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Selling Disruptive Tech to the DoD

There are many pathways for a start-up or established company to sell a new technology to the DoD. Bidding on contracts, selling direct and applying for grants are just a sample of the methods available to sell or receive funding from the US government. However, one step is often overlooked and that is actively marketing or "teaching" potential DoD customers about your product or service.

The US government has no shortage of problems they're trying to solve. However, I often speak with small businesses that are discouraged when searching for opportunities to do business with the DoD or other federal agencies. They are just un-able to find a published need or request for their specific solution (common if you've developed a technology that could fundamentally change the way an existing system works or mission is conducted).

The key for a company with a new or disruptive technology, is to get in front of potential customers and brief (or better yet demonstrate) their solution. Government acquisition professionals are often looking for innovative ways to solve problems, in fact, there are specific shops set up specifically for this! The key is getting your solution in front of the right program managers, engineers and decision makers so they know an alternative solution to an existing problem set is available.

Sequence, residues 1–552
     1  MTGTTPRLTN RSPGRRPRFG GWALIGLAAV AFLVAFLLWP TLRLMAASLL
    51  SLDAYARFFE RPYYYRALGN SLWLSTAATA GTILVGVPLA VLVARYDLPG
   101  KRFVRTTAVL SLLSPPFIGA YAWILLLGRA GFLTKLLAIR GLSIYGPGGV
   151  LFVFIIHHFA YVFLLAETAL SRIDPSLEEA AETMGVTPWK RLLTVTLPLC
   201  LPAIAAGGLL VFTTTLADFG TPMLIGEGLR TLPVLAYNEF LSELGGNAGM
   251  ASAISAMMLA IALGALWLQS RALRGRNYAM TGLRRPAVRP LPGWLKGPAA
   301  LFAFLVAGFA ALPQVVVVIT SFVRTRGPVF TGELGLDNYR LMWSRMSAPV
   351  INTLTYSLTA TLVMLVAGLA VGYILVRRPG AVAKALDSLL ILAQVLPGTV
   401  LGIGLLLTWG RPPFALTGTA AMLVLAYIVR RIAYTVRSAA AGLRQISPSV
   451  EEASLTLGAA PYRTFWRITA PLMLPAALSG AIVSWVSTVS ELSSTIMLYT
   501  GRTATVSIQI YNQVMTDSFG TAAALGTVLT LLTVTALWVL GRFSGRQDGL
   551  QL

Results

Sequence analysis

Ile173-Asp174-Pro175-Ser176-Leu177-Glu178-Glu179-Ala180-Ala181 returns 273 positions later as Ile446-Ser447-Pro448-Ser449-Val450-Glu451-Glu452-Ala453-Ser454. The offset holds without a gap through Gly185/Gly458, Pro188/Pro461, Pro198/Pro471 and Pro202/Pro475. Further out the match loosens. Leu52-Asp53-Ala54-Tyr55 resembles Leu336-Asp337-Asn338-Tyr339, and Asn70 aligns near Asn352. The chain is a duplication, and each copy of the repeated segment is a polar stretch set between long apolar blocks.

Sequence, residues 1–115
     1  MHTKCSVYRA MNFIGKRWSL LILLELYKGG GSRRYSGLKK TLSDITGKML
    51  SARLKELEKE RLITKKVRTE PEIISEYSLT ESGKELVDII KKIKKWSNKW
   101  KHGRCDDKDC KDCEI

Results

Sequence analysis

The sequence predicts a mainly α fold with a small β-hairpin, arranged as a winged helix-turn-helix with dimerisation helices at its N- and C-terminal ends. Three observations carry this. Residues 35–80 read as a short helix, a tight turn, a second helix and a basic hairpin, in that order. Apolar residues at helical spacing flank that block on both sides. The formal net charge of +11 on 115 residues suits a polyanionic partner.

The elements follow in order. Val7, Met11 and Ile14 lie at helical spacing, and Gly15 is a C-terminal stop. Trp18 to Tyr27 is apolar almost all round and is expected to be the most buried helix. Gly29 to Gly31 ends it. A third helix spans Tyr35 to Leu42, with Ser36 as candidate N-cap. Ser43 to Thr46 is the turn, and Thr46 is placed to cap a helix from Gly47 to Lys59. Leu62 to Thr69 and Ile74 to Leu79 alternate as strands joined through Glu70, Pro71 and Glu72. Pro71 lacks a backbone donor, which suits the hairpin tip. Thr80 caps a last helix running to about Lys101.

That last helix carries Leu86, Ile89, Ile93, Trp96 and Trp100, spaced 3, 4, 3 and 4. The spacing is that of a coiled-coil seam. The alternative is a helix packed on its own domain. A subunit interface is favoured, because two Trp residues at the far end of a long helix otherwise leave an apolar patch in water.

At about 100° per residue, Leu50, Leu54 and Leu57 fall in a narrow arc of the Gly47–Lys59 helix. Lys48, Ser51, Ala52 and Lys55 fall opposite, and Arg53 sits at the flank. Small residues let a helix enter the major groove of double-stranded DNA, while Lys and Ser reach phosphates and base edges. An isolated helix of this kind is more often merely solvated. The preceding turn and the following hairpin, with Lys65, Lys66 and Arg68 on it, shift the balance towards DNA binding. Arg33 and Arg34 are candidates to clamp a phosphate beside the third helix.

Let's say DOD office X has a data collection problem their trying to solve, If this was traditionally solved by a reconnaissance aircraft, they may be looking for an expensive aircraft sensor to be built, eventually resulting in a Request for Proposal (RFP) for an airborne sensor. However, start-up company Y has created a ground based software tool that can collect the same information (at a fraction of the cost as the airborne sensor). There are two ways this could go depending on Company Y's actions:

  1. Company Y carefully monitors online sites to see if an applicable RFP is issued. After a year they give up, as the RFP they are waiting on never appears or their proposal gets beat out by a large defense contractor.

  2. Company Y, due to a robust marketing and business development campaign, gets in front of the right acquisition team to present their solution, learns of an opportunity months before an RFP goes out, and eventually goes on contract.

Although this example is a hypothetical, it happens time and time again. Companies that consistently win contracts with the federal government become experts at cultivating relationships with the right government decision makers. This becomes even more important if you have developed a capability that is new and unknown to the DoD!

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